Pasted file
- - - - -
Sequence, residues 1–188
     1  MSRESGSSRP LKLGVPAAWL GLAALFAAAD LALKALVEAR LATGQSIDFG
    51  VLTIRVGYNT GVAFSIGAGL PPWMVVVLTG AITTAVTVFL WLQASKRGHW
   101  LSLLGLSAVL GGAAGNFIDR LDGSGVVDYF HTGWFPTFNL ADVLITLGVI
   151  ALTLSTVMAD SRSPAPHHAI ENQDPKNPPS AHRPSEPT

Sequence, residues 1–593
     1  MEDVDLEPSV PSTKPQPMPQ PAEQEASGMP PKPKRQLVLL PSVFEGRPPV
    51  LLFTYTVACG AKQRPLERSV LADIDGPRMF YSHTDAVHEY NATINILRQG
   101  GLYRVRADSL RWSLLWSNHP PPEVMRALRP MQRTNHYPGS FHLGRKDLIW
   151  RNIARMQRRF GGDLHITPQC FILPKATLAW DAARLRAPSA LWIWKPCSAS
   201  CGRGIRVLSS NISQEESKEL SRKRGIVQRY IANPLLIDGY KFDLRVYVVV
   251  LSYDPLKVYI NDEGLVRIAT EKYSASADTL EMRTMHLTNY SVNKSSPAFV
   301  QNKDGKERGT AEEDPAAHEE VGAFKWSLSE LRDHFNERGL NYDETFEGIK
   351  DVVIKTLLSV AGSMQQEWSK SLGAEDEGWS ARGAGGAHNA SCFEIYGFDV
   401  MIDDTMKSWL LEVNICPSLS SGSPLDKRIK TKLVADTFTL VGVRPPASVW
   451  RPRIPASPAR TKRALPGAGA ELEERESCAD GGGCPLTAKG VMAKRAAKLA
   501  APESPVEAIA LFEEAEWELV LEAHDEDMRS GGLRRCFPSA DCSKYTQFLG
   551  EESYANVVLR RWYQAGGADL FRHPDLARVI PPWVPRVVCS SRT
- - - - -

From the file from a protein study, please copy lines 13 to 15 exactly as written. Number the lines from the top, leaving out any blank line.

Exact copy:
   301  QNKDGKERGT AEEDPAAHEE VGAFKWSLSE LRDHFNERGL NYDETFEGIK
   351  DVVIKTLLSV AGSMQQEWSK SLGAEDEGWS ARGAGGAHNA SCFEIYGFDV
   401  MIDDTMKSWL LEVNICPSLS SGSPLDKRIK TKLVADTFTL VGVRPPASVW